I recently heard a talk in which the speaker compared the feelings the builders of medieval cathedrals had with our feelings about a newly-built temple. It was touching and inspiring and showed the real commitment and love the medieval builders felt; it also contrasted the purposes of the buildings and the way a modern temple looks and feels compared to a cathedral, but it was done with caring respect for those being described. Of course, she had invited some non-member friends to hear the talk.

    And perhaps this is a good rule: anything said about another church in a church meeting should be said with the assumption that a good-willed member of that church might hear it.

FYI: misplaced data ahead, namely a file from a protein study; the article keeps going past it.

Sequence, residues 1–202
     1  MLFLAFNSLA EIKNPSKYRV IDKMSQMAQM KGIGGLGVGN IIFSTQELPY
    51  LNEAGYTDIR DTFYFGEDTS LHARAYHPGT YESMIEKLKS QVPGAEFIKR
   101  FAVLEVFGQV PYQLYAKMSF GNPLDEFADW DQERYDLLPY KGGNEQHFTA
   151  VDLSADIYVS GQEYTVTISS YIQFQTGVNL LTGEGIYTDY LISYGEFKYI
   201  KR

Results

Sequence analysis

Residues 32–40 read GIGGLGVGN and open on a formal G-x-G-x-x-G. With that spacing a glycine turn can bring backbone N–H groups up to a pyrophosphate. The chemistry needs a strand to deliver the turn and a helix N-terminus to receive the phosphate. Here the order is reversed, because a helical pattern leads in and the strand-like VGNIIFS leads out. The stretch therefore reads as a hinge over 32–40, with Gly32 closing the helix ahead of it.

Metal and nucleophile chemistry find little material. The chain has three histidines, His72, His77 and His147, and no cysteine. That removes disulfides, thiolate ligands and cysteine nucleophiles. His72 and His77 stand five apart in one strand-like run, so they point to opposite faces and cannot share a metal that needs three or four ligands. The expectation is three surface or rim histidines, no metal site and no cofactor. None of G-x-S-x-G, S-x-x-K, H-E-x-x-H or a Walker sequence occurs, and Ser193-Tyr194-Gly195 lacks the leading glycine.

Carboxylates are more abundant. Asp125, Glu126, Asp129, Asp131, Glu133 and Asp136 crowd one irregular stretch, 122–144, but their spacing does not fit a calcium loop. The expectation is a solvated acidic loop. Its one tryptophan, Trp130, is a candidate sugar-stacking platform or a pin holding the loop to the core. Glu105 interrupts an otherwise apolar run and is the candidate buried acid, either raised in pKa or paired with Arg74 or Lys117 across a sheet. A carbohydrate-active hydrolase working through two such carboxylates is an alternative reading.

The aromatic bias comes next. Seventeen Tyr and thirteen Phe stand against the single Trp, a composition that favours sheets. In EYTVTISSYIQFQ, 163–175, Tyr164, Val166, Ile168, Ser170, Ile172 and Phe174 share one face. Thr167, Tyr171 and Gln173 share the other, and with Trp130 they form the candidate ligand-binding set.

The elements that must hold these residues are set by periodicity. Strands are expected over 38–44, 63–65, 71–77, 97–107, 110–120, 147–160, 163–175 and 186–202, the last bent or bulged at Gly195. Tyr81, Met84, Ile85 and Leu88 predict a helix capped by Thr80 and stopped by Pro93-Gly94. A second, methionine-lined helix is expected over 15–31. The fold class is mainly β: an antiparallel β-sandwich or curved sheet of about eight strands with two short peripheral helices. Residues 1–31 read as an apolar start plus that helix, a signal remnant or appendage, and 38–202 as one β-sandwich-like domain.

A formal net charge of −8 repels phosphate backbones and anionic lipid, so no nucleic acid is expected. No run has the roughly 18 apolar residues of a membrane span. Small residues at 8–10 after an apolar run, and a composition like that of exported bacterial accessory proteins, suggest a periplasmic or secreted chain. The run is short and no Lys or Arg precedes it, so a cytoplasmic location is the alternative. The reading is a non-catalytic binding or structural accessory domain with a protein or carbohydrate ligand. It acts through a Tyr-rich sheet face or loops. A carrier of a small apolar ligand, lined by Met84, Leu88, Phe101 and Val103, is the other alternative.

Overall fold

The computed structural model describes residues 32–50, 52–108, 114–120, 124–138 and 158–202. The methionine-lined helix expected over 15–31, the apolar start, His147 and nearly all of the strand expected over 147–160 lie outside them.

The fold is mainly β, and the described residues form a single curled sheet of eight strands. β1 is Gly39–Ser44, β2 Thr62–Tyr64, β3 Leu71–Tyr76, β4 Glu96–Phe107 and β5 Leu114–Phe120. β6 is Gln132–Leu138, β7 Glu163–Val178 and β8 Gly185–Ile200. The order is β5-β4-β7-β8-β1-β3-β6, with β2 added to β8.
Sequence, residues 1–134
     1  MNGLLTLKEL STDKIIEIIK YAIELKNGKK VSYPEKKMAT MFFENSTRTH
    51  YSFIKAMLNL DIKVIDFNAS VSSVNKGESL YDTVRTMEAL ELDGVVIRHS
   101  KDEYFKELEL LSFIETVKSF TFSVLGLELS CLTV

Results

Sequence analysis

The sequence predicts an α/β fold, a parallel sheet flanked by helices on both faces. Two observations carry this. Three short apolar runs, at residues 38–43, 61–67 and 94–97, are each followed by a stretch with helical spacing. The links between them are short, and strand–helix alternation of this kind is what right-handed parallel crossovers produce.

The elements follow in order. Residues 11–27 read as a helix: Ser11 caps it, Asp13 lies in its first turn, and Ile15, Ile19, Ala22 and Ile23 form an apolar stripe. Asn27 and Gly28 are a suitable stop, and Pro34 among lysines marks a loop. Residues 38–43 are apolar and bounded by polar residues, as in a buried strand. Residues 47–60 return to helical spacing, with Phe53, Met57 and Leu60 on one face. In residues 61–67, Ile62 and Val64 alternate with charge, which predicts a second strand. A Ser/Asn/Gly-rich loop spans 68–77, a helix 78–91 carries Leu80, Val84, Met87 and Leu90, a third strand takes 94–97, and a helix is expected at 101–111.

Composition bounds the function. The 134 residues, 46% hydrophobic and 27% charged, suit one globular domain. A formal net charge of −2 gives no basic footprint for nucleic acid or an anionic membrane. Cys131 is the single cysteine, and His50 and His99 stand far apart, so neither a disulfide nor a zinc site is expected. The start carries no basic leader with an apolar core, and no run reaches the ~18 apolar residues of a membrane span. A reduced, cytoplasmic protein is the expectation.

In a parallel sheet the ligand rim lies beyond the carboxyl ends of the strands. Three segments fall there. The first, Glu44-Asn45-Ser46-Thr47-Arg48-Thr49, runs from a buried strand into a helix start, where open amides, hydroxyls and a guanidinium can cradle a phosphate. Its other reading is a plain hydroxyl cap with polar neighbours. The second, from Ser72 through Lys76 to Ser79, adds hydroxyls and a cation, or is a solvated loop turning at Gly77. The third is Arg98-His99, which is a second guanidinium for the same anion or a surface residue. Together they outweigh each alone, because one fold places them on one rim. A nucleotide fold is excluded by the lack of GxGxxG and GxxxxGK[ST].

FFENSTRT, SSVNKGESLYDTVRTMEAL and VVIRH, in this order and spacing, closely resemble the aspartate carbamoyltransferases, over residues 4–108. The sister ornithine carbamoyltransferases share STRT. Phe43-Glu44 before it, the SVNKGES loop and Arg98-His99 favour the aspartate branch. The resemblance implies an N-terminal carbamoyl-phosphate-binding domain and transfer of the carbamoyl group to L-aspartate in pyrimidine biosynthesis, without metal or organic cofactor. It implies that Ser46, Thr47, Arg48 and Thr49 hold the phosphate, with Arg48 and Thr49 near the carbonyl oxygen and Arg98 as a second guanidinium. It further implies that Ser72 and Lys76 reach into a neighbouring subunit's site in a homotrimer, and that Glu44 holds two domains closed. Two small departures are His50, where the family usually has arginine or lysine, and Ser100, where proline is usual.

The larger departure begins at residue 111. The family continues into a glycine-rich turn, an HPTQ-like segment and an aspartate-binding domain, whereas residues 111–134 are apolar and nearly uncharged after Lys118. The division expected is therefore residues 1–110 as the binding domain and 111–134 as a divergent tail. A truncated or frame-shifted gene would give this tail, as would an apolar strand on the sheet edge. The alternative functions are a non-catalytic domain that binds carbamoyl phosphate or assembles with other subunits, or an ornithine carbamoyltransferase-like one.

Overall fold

22. Having a band and praise and worship team can lend to the Spirit.

    I think it’s disgusting how rock has been co-opted by religion and its message distorted. Leave rock to the rockers and religion to the preachers, I say. Combining the two simply leads to an unnecessary hurling of epithets.

  23. Mark Butler says:

    As I have argued before, it is not what creeds contain so much that makes them an abomination, it is the fact that they are creeds, i.e. legislated and binding upon all members, whether greater right on a subject be available or not.

    Remember that the Gentiles (the nations of the world, the West in particular) were made mighty through their belief in Jesus Christ such that the Holy Ghost was poured upon them. See 3 Ne 20:27, D&C 1:24, 2 Ne 31:3.

    Now as to churches, of course there should be a balance in these things, but Mormon’s commentary is worth mentioning: